Colombia’s central bank is set to continue with its cycle rate hikes as the economy continues to gain speed, according to minute from the bank’s last monetary policy meeting.
The minutes from the central bank’s May 30 meeting, where it raised its benchmark rate by a fourth consecutive time to leave it at 4%, show that the bank estimates that the economy could have expanded between 3.9% and 5.5% in the first quarter.
The official gross domestic product figures are set to be released June 23 by the government’s statistics agency.
The central bank also defended its decision to increase rates by highlighting that economic output is close to its potential and that consumption continues to drive economic activity.
“All the lending components continue to grow at significant rates and there has been a build-up in household debt as well,” the central bank said in the minutes.
Inflation expectations, meanwhile, have declined and “for the short and mid-term have adjusted downward and are within the target range” of 2% to 4%, the central bank said in the minutes. Consumer prices increased 3.02% in the 12 months through May.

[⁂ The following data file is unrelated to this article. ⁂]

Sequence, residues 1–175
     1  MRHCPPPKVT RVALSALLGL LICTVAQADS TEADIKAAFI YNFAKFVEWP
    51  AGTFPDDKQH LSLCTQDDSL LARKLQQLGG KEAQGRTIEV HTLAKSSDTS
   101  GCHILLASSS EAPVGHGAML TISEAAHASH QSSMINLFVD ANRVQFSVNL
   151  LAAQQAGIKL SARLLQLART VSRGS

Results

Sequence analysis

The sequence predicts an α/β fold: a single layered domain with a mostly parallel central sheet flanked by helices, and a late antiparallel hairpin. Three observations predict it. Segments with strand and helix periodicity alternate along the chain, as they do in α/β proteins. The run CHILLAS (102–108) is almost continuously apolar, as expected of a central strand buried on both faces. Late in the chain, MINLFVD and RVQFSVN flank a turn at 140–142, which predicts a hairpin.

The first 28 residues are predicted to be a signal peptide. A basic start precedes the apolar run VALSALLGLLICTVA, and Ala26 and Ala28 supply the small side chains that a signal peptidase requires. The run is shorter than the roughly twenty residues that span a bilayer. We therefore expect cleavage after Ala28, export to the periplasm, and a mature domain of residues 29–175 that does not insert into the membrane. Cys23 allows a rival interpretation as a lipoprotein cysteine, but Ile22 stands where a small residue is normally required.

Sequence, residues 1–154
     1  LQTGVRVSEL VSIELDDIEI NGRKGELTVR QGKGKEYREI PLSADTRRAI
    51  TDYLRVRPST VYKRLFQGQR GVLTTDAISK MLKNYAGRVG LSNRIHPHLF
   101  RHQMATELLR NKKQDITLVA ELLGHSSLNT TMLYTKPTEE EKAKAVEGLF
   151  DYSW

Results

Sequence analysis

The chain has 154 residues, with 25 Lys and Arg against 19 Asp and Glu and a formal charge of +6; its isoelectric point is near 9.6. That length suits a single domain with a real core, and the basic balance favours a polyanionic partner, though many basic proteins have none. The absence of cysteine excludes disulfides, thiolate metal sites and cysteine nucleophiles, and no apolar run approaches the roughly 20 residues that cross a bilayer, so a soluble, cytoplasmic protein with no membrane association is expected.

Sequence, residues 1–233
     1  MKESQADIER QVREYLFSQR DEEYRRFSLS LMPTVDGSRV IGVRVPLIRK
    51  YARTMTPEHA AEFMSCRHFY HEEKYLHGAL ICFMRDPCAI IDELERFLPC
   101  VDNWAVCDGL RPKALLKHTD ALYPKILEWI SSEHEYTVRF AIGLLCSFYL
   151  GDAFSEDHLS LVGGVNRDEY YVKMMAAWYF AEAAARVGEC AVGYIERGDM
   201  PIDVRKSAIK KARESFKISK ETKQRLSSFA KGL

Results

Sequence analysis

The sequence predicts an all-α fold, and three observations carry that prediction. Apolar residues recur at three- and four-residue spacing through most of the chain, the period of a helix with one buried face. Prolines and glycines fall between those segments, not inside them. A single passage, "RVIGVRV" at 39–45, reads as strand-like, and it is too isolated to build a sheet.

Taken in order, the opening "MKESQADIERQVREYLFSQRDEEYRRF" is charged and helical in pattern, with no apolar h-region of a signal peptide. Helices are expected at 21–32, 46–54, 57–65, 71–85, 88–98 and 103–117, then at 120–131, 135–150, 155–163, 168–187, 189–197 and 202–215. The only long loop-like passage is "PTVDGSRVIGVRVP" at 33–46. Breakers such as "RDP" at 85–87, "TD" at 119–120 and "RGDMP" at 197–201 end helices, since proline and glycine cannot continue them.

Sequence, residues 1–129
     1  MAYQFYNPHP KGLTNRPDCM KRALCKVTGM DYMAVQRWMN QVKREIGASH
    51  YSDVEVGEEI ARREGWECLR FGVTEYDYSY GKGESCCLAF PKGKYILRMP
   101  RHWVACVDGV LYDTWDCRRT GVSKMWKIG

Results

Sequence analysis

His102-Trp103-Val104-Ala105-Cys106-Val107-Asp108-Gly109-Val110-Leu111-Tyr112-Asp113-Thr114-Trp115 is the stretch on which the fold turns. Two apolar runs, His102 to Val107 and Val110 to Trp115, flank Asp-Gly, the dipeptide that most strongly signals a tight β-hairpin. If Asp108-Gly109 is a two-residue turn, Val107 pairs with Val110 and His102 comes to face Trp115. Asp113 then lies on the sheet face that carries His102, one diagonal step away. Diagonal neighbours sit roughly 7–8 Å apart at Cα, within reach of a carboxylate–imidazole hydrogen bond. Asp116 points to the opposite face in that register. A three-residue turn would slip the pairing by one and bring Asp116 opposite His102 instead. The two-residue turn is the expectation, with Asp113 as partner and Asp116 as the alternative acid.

Colombia’s benchmark interest rate stood at a historical low of 3.0% for nine months until February when the bank began raising rates amid inflation worries and signs rates were too low for an economy that was starting to gain speed. The central bank estimates that the economy could expand as much as 6% this year.
The bank also announced in its May 30 meeting that it was extending a program in which it buys a minimum of $20 million daily in dollars at least until Sept. 30 in the foreign exchange market to prevent unwanted peso strength. The central bank didn’t explain that decision in the minutes released Friday.